Example code is not the same as backend code it is primarily meant to teach!

This means your examples should include the most easily readable code you can muster – this often means extra workshopping to reach peak clarity. Give commentary at each and every step – don’t assume your users understand your typical conventions. Also in the interest of being as readable as possible, try to stick to a styling conventions – s p a c i n g matters!

Related to this, your examples’ code should model best practices.

Pretend you are the model user of your tool – how should your users interact with your tool? This means keeping in mind the important basics:

  • Emphasize reproducibility
  • Include code comments
  • Stick to a code style
  • Be consistent with your conventions
  • Pick good object names

For more tips on reproducible code:

6.2.5 Try to stick to your own package and its dependencies

Your user already made it through the installation process, try not to make them add more installation steps to follow your examples unless absolutely necessary. If it is absolutely necessary, should a package be added as a dependency – can you have it automatically installed for the user if it is critical to common uses?

6.2.6 Give tips on how to tailor your examples

If your users follow along with your examples successfully, next they will probably need to tailor your examples to their own questions and data. Whether you intend it or not, your examples will probably be used as template framework for your user’s analysis. Knowing this, try to highlight places that users will absolutely need to change the code and other places where they might want to personalize it. Providing them with more resources about options and possibilities is always nice too.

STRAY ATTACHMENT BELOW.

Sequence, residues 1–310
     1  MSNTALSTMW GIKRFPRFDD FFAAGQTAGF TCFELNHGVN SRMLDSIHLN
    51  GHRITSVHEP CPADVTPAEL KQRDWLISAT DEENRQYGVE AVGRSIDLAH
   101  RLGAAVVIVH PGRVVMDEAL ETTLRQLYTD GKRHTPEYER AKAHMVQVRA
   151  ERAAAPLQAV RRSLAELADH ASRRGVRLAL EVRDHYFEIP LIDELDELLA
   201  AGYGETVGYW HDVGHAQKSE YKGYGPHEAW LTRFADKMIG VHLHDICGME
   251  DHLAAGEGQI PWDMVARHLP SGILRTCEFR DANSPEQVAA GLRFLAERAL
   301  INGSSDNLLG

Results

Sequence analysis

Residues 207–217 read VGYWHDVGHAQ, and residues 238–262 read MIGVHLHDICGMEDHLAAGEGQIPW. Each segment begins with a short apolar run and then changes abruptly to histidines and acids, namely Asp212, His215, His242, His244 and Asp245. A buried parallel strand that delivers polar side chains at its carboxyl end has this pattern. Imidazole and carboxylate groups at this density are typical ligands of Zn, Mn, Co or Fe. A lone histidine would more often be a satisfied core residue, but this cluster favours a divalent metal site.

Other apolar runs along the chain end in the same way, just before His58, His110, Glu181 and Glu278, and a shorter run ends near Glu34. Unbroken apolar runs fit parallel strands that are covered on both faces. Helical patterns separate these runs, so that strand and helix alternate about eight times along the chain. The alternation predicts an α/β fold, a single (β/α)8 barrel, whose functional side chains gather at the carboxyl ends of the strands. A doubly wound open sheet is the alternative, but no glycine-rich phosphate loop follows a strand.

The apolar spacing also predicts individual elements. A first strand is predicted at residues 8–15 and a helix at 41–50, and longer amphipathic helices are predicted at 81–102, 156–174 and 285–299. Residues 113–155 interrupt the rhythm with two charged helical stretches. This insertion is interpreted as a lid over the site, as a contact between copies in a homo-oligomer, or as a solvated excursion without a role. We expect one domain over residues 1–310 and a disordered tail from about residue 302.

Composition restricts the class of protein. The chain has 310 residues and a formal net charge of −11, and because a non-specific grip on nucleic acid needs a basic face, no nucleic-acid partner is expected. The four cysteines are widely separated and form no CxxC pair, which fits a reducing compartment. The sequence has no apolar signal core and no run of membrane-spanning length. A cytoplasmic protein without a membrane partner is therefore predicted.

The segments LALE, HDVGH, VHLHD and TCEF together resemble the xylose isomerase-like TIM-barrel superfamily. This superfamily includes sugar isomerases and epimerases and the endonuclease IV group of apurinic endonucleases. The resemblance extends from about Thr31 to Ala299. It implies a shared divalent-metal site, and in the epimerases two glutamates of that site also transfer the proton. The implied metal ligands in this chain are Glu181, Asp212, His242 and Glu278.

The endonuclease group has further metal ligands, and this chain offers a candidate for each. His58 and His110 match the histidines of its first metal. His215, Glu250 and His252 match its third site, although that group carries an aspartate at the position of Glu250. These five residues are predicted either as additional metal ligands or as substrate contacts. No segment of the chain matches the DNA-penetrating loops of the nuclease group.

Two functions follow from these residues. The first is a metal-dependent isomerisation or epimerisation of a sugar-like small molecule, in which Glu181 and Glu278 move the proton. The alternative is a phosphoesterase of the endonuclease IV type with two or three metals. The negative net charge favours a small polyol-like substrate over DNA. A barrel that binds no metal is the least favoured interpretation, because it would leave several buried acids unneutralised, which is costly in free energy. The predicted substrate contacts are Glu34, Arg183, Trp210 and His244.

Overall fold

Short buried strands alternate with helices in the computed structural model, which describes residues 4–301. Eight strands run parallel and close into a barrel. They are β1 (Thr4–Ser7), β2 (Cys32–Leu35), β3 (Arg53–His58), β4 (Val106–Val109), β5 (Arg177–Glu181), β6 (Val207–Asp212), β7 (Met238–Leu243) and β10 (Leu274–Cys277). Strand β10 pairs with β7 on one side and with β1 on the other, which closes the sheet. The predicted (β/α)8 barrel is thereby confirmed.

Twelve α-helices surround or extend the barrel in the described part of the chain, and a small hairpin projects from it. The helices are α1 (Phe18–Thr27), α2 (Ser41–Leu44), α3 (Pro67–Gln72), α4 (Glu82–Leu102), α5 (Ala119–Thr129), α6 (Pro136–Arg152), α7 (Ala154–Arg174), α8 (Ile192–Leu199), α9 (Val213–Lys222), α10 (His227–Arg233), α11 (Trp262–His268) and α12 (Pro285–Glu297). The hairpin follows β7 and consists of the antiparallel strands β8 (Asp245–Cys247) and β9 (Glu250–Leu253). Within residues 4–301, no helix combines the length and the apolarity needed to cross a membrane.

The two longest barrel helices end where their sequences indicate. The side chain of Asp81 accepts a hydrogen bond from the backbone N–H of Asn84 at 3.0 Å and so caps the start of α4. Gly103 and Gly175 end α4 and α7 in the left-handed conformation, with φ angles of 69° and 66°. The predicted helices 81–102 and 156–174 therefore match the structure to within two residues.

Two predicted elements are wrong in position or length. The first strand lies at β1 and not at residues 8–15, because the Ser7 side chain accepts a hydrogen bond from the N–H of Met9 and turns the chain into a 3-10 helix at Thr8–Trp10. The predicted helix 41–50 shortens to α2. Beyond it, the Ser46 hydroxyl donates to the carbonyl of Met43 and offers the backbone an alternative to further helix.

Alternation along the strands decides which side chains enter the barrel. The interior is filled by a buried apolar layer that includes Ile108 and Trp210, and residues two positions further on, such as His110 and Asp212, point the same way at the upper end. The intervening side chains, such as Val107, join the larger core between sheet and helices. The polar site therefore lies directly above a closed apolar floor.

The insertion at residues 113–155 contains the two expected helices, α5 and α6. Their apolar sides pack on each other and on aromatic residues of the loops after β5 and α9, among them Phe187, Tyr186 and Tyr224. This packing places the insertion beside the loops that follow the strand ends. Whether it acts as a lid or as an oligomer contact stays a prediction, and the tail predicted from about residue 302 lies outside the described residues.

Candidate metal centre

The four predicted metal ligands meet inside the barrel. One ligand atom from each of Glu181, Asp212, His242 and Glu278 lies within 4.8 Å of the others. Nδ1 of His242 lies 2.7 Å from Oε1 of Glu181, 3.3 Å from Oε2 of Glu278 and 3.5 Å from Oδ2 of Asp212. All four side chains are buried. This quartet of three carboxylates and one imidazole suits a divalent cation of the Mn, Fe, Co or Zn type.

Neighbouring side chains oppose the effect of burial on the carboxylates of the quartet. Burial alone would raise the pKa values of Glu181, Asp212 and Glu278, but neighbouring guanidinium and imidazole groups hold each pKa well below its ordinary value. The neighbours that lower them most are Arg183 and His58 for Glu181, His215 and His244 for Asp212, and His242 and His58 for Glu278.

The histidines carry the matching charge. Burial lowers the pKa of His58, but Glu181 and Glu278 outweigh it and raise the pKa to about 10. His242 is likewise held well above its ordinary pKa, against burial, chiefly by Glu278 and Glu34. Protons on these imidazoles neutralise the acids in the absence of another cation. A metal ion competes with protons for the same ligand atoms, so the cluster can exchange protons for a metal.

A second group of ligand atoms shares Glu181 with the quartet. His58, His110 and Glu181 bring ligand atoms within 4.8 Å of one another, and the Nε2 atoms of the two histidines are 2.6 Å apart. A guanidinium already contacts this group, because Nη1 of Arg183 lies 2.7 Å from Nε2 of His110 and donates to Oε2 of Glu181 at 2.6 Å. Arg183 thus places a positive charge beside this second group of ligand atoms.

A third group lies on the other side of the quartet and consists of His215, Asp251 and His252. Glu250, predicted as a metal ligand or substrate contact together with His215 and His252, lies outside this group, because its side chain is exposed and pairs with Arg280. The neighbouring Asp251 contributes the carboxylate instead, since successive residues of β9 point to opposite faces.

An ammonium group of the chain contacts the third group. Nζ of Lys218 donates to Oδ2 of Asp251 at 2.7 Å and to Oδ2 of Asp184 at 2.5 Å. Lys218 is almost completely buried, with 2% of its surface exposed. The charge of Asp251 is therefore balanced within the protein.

To recap:

Useful How-to Examples:Covers what your users are interested in. Gives every step specifically. Provides example data. Doesn’t require more packages. Models best practices. Gives ‘tailoring’ tips.

6.3 Good examples of How-to examples

DESeq2 has excellent vignettes! Love, Huber, and Anders (2014) walk through the most common use cases of DESeq2, providing data and explaining the set up. They efficiently move into other scenarios, explaining common questions and areas of nuance along the way.

QIIME2 also has an extensive set of examples! Bolyen et al. (2019) give a great set up and hypothesis to a question with a given dataset and walk through each step to answer that question. At the very end of the example they also provide the end result for comparison!

6.4 Exercise: Create your own how-to examples!

Use the how-to example templates to start your own how-to examples either by using the markdown template directly, or navigating to the MkDocs repository you set up in the previous chapter.

If your tool’s destination is Bioconductor or Galaxy, see our specific guidance on those repositories’ examples:

For Bioconductor vignettes:

For Galaxy vignettes:


Andrzej Oleś, Wolfgang Huber, and Martin Morgan. 2021. “Authoring r Markdown Vignettes.” https://bioconductor.org/packages/devel/bioc/vignettes/BiocStyle/inst/doc/AuthoringRmdVignettes.html.
Bolyen, Evan, Jai Ram Rideout, Matthew R. Dillon, Nicholas A. Bokulich, Christian C. Abnet, Gabriel A. Al-Ghalith, Harriet Alexander, et al. 2019. “Reproducible, Interactive, Scalable and Extensible Microbiome Data Science Using QIIME 2.” Nature Biotechnology 37 (8): 852–57. https://doi.org/10.1038/s41587-019-0209-9.
Love, Michael I, Wolfgang Huber, and Simon Anders. 2014. “Moderated Estimation of Fold Change and Dispersion for RNA-Seq Data with DESeq2.” Genome Biology 15 (12). https://doi.org/10.1186/s13059-014-0550-8.